Chris Knipp Writing: Movies, Politics, Art


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PostPosted: Sat Jun 25, 2016 12:34 pm 
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ELLE FANNING IN THE NEON DEMON

Driven to extremes

The trouble with Nicolas Winding Refn is also what has gained him fame, that he tends to carry things a bit too far. His films are powerful and intense but risk seeming the work of a clever, malevolent child. The Neon Demon is about young female models in Los Angeles. Yes, such people do tend to put excessive emphasis on youth and beauty. But when an invincible new competitor comes along, must they literally eat her alive? I was reminded of the Belgian couple Hélène Cattet and Bruno Forzani's gorgeous, sadistic art films, which have owed something to Italian Dario Argento-style slasher-horror "giallo." But their work is exclusively the stuff of film festivals, where it sits more comfortably. Refn gets featured at Cannes, where Demon debuted, and then gets commercial distribution, where recently he has run into trouble. Unlike Cattet and Forzani, who crank up "giallo" to art-film remoteness, Refn seems to be simply out to shock, and he editorializes in obvious, morally dishonest ways. He too obviously relishes as he condemns. But certainly he must be an auteur, if the number of times "Nicolas Winding Refn" and "NWR" appear in the introduction and conclusion is any sign of it.

Jesse (Elle Fanning) is a blonde sixteen-year-old from Georgia who comes to L.A. to be a model and is lusted after by Ruby, a lesbian makeup artist (Jena Malone), coached by an approving agent (Christina Hendricks) to say she's nineteen,drooled over by a fancy photographer (Desmond Harrington) and made the signature of his new show by an imporrant fashion designer (Alessandro Nivola), cordially loathed by two older models (Bella Heathcote and Abbey Lee), and protecte, until he's driven away, by Dean, a nice young man and would-be boyfriend (Karl Glusman), who, inexplicably, is the one photographing Jessie at the outset for her portfolio as a beautiful, bloody corpse. That opening image defines the whole movie, both its celebration of sadism and its putting looks before plausiblity.

One can react to The Neon Demon in a wide range of ways, as shown by reviews that range from admiring to repulsed. First of all, apart from the exquisite cinematography, most of the casting works very well, starting with Elle Fanning, who morphs with great subtlety from sweet and innocent, perfectly beautiful and young to a cold-hearted hardened bitch. Karl Glusman is an interesting new actor, conventional on the outside, mysterious and different underneath, giving innocent niceness a haunting sexual undertone. (See him imitate Christopher Walken here - hilarious.) Everyone else is just about right. Even Keanu Reeves, against type as Hank, a brutish, sexually predatory motel manager, has more conviction than usual. The prizewinning, self-consciously genre electronic soundtrack by Cliff Martinez is witty and atmospheric. Natasha Braier's work as dp is stellar.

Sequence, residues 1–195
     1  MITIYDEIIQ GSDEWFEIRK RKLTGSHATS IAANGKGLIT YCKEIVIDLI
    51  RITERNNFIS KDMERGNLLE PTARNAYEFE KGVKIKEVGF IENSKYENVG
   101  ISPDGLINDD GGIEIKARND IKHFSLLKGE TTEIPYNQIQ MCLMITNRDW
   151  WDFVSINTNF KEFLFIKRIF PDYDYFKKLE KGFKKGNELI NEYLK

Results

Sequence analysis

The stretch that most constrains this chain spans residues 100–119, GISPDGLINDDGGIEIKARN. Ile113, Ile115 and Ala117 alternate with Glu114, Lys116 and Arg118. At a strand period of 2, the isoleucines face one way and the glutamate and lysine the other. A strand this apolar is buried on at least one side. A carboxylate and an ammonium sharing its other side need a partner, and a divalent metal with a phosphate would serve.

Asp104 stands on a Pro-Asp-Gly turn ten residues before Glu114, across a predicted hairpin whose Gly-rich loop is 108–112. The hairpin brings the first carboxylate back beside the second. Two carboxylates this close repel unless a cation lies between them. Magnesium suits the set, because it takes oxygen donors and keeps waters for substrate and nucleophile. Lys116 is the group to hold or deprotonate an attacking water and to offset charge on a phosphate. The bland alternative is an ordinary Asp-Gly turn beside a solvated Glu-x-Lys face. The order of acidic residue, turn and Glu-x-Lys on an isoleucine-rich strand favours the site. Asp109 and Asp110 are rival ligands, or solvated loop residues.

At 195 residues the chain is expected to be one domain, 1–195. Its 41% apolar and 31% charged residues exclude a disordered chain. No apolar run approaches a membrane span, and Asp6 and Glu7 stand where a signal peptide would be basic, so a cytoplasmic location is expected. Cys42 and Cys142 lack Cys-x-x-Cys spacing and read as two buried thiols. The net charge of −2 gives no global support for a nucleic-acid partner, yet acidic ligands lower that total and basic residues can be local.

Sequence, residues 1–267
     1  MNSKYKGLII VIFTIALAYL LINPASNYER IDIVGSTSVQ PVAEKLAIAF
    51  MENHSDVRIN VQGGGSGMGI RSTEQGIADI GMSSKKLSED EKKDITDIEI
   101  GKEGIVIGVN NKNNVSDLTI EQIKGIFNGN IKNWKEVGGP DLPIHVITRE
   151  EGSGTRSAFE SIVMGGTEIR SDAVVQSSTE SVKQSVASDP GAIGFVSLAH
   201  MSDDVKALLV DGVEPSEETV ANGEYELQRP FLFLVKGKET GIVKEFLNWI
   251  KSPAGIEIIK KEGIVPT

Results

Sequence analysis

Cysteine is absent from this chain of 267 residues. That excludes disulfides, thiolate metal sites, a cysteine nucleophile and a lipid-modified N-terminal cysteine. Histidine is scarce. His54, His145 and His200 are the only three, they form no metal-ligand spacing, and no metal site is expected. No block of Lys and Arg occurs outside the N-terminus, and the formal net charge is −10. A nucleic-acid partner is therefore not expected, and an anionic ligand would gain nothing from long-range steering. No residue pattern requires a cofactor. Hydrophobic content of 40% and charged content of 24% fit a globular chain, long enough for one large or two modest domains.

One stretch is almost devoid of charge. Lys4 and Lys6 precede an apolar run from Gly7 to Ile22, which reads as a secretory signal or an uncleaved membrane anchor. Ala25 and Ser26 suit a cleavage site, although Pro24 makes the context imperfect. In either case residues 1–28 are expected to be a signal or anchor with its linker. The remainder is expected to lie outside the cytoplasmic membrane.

On the other hand, how much smarmy lust, hateful jealousy, cannibalism, slashing, and lesbian necrophilia can you take? And Refn is too obsessed with eye candy and titillation to notice the gaps and longeurs in his action. As I mentioned, the man carries things too far.

The real star of the show is Jesse's Pasadena motel room, whose palm-frond-print wallpaper is repeated in the long curtains, and whose elegantly languid decay elevates sleaze to the level of a World of Interiors center spread. It is this space that is suddenly invaded by a wild bobcat, which is to be Jesse's metaphor, though she's also charged for the damage by Hank. Dean pays Hank off for this. Why? When Jesse realizes she's the new queen bee, she ditches him. It's fascinating in the movie to observe how innocence, which dominates the early scenes, or seems to, gets sucked away. But The Neon Demon winds up making one feel depressed, and that's not in my experience the feeling a really good movie, however sad or grim, should ever leave one with. NWR has sucked away my dream of a good movie.

The Neon Demon, 117 mins., debuted at Cannes in May. French release 8 June, overall good reviews (AlloCiné press ratng 3.5). It opened in US theaters 24 June 2016.

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©Chris Knipp. Blog: http://chrisknipp.blogspot.com/.


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